Jasper Sharp jasper_sharp at
Fri Aug 27 17:06:23 EDT 2010

Hi Stefan,

This is a subject I am meant to be researching at the moment, though have yet to truly sink my teeth into it yet, if you can wait another couple of years...

As far as I can work out though, all of the formats NikkatsuScope, Shochiku GrandScope and ToeiScope etc were variations on the CinemaScope format, although DaieiScope was a variation on VistaVision. 
I can give you Japanese sources from Kinema Junpo etc if you can read Japanese. In the meantime, there's this resource in Japanese:
(actually not hugely helpful)

David Bordwell goes into more detail in this piece too, as to how Japanese widescreen formats were adopted by the Hong Kong studios Shaw Bros :

My theory is that, as you mention, it was given just a different name so as to avoid paying 20th Century Fox the license fee. But around the time the Japanese studios were adopting widescreen, from 1957 onwards, the US majors had all developed their anamorphic systems suggesting that the Fox patent was pretty difficult to enforce. The CinemaScope package was not just the anamorphic projection system, but the curved screen and stereophonic sound system too. A lot of US exhibitors spurned the stereophonic sound, but if you look at the first Japanese anamorphic widescreen productions, none of them were produced using stereo sound.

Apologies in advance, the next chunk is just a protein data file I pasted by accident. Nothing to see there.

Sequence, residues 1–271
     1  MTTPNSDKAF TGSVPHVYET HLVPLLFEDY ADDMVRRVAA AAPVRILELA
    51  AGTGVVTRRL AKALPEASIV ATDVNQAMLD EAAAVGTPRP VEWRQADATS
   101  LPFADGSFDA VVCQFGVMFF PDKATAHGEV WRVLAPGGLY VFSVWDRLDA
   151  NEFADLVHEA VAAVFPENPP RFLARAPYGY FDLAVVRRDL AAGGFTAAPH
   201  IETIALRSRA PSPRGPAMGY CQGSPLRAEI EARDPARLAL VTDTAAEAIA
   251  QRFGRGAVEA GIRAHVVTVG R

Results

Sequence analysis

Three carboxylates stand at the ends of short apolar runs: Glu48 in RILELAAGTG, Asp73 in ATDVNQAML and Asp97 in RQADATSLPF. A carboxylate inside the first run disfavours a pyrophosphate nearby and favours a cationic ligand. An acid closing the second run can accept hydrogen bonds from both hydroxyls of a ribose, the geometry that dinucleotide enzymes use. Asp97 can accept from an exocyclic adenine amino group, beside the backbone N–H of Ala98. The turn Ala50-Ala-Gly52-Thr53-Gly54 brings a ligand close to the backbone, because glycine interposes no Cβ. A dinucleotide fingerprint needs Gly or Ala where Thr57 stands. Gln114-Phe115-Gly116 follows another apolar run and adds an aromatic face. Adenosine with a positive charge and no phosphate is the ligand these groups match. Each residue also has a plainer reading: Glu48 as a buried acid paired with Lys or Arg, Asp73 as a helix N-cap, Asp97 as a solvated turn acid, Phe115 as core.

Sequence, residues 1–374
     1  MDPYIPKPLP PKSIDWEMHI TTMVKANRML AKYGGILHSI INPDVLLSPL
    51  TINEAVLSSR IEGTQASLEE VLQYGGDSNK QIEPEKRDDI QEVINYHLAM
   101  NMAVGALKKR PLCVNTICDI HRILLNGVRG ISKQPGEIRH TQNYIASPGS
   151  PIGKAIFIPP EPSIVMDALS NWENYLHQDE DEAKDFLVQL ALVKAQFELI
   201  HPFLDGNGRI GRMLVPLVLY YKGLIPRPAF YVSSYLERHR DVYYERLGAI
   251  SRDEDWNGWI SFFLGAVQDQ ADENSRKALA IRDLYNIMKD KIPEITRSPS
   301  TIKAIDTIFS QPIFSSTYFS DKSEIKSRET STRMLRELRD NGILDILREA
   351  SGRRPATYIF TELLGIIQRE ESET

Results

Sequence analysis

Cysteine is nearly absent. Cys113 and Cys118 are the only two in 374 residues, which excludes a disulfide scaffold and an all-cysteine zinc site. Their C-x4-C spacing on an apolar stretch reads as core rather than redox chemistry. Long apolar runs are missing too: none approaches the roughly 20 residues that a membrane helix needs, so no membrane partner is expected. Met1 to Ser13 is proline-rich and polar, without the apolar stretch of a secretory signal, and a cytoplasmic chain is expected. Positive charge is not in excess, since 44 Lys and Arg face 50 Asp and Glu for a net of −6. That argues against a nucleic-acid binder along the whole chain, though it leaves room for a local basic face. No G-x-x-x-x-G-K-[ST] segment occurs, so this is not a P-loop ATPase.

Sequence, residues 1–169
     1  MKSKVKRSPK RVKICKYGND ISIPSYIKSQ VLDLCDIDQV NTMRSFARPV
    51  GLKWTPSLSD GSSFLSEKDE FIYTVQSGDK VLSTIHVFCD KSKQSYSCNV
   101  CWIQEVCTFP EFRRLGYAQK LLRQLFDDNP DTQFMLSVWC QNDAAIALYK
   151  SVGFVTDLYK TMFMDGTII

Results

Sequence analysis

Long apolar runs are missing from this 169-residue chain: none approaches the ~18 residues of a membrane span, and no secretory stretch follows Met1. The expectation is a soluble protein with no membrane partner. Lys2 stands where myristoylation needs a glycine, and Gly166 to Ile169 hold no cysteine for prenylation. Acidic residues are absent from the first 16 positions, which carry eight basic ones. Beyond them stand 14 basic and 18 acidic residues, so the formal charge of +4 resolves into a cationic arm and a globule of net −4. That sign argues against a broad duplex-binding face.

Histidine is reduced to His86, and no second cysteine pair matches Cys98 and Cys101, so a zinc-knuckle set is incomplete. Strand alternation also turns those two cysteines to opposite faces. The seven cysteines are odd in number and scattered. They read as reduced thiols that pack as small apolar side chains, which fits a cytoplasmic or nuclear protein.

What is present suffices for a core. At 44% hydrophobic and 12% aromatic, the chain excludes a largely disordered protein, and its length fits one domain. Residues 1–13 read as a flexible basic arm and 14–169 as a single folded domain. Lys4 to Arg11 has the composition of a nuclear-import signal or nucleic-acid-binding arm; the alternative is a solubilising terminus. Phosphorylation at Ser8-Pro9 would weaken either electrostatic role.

Thanks for the other information Michael - this was also very helpful!



Jasper Sharp: Writer & Film Curator Homepage

Midnight Eye: The Latest and Best in Japanese Cinema

Zipangu Fest: Japanarchy in the UK

> Date: Fri, 27 Aug 2010 16:22:56 -0400
> From: mccaskem at
> To: KineJapan at
> Subject: Re: Tohoscope/Cinemascope
> I'm afraid that these are not really satisfactory answers to your question, but the 
> first item deals a little with the story of Toho Scope and Toho Pan Scope and a bit 
> about the US equivalents at the basic early entertainment level--
> while the second is simply a list that categorizes an amazing amount of films from 
> several countries, 1926-1996, by the kind of proprietary  -scope, -vision, -rama, 
> etc., employed, including Tohoscope and Daieiscope. It might possibly be of 
> interest to some historically--
> Michael McCaskey
> Georgetown Univ.
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